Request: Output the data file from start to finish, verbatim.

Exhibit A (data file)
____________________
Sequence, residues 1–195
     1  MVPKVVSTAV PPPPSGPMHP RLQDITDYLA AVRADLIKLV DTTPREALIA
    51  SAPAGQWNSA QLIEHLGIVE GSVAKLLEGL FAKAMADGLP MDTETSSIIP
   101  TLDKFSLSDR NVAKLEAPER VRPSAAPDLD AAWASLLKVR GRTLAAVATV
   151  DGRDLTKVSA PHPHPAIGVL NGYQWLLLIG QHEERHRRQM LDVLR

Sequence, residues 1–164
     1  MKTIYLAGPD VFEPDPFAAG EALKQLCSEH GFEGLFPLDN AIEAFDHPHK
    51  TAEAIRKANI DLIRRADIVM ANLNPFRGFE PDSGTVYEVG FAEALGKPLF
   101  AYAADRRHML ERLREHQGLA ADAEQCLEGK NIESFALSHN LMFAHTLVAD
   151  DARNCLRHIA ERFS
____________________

Sequence, residues 1–195
     1  MVPKVVSTAV PPPPSGPMHP RLQDITDYLA AVRADLIKLV DTTPREALIA
    51  SAPAGQWNSA QLIEHLGIVE GSVAKLLEGL FAKAMADGLP MDTETSSIIP
   101  TLDKFSLSDR NVAKLEAPER VRPSAAPDLD AAWASLLKVR GRTLAAVATV
   151  DGRDLTKVSA PHPHPAIGVL NGYQWLLLIG QHEERHRRQM LDVLR

Sequence, residues 1–164
     1  MKTIYLAGPD VFEPDPFAAG EALKQLCSEH GFEGLFPLDN AIEAFDHPHK
    51  TAEAIRKANI DLIRRADIVM ANLNPFRGFE PDSGTVYEVG FAEALGKPLF
   101  AYAADRRHML ERLREHQGLA ADAEQCLEGK NIESFALSHN LMFAHTLVAD
   151  DARNCLRHIA ERFS